Well, I stowed the extra chicken thighs for future curried kabobs and made a creamy chicken-y, mushroom-y soup that has a nice combination of wild rice and basmati rice. Good thing I have a nice loaf of garlic bread to 'go with' ! We're back to the wool sweaters, sweatshirts, and woodstove!
11 May 2010
on here... where there's a will, the consumer will find a way. To me it seems a bit foolish to limit buying clubs ...folks will just 'go underground' and then the state loses its ability to monitor any potential problems should they arise ... what do you think?
Green, green, green! I am always amazed at the number of shades of green that one sees in May. Every tree, plant, and flower has its own unique take on the color. Look at my back yard! It is such a beautiful scene right now. We have been putting in flowers and vegetables, digging up the first dandelions, and pulling the first clover and weeds from the beds. Cooking is fast and simple these days ... I've been looking for greens at the markets. Today, I found a welcome seasonal surprise!
10 May 2010
08 May 2010
07 May 2010
I have been doing a little reading on the milk industry of late. It all started when I spied a small ad for raw milk being sold at a small farm in our town. When I brought the place up in conversation at church one Sunday, one of my 'church lady' friends wondered aloud what all the fuss with raw millk was about. She'd been raised drinking milk straight from the cow and she was alive to tell the tale. I detected a healthy dose of Yankee cynicism in her tone when another woman commented on pasteurization being a public health response to dirty conditions in dairies. She sniffed and replied that her family's dairy was clean and that's why she never had problems. She doubted that other folks' dairies were cesspits. I changed the subject by asking about the flavor of raw milk as opposed to the pasteurized product. More flavor, richer, taste varied depending on the season were some of the comments. Hmmm...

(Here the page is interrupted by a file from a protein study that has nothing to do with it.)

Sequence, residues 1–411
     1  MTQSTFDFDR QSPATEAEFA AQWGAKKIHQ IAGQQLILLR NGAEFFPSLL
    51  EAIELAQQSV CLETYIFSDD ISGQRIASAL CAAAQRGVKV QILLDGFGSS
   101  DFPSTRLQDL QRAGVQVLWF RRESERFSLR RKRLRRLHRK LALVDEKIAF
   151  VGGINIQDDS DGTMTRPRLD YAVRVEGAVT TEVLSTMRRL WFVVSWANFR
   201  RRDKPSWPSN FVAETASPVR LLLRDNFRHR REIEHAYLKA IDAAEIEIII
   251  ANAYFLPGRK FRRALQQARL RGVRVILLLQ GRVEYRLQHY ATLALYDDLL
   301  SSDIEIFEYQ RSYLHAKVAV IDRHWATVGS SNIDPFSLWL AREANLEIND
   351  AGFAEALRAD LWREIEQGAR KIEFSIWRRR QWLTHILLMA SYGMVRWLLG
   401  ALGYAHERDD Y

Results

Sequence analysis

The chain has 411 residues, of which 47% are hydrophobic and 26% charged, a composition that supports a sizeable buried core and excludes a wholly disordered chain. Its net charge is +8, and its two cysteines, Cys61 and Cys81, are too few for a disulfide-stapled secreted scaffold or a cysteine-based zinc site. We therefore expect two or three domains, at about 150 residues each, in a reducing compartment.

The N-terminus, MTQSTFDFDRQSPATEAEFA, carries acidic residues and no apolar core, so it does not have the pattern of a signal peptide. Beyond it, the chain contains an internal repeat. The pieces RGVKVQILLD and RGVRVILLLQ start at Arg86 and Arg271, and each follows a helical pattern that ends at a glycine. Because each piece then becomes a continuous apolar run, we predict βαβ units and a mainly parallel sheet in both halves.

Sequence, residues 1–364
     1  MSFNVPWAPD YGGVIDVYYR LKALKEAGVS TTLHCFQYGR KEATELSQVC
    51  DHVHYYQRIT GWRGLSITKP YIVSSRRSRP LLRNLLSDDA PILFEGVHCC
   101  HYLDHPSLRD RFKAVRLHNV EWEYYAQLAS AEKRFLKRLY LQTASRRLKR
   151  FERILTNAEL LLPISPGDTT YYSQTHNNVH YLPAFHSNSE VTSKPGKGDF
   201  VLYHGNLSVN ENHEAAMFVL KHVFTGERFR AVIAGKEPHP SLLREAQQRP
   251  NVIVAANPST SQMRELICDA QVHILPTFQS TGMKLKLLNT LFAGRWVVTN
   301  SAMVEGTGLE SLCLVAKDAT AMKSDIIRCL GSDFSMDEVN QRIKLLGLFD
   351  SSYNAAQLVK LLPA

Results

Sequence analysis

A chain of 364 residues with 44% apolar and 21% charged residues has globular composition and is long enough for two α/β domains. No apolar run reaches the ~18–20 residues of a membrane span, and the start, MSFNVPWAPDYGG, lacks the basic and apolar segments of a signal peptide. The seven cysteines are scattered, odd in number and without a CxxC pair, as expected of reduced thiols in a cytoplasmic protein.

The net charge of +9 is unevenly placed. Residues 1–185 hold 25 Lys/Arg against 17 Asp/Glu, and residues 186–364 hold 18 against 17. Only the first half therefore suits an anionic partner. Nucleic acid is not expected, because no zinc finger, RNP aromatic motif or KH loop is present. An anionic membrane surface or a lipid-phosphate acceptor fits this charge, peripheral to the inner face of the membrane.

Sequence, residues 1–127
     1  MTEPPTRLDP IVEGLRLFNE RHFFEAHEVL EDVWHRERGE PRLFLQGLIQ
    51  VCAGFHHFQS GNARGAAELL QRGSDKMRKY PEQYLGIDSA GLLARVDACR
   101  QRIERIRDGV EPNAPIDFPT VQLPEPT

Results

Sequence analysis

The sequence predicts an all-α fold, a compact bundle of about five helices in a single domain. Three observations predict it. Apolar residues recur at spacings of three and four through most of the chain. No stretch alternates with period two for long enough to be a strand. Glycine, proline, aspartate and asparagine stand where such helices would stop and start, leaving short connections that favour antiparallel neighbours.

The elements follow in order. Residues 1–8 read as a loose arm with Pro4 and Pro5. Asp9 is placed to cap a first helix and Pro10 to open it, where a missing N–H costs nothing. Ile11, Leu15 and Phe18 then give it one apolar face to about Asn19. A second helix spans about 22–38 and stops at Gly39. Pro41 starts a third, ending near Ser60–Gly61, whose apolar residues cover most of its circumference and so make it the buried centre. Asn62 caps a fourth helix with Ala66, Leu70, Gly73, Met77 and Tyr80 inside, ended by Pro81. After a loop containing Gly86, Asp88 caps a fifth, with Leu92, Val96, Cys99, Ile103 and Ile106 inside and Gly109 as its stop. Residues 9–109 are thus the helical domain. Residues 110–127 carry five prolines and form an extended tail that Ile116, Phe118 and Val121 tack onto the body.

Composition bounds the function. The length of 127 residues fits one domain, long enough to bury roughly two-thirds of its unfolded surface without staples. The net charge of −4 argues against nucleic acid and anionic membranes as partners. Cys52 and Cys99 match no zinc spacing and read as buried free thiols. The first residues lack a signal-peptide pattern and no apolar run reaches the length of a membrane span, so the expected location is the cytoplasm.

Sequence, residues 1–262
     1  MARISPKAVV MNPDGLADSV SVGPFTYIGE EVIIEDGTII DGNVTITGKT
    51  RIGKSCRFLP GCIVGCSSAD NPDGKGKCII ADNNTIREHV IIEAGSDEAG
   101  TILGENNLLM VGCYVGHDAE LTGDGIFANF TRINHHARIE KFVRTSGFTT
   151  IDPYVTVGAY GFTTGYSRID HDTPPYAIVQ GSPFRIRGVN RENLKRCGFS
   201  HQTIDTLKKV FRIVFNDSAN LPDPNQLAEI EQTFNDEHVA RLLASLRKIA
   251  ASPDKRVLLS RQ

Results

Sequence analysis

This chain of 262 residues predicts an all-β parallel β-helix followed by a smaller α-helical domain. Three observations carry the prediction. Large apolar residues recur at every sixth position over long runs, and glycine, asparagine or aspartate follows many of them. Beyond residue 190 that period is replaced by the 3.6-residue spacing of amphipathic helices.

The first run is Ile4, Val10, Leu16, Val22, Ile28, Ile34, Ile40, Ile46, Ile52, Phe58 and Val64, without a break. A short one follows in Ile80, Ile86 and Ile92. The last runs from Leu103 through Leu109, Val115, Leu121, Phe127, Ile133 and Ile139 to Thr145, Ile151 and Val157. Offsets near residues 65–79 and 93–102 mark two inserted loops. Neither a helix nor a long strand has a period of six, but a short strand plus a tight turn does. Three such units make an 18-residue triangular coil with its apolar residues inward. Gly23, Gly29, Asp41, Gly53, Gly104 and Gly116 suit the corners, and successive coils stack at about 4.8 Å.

I came away from that conversation wanting to find out more. Doing a bit more reading, I found it's difficult for the small farmer to get a market going for the real thing. Public health laws have governed closely the production, distribution, and sale of milk for a long time. Today's consumer demands for more natural foods , milk and dairy products being one of them, have placed small producers of raw milk in a bind. The laws say they can't produce more than a certain amount, but consumer demand is picking up dramatically for their product. What's a farmer to do? Push for new legislation ... and advocate through various farm and natural foods non-profits.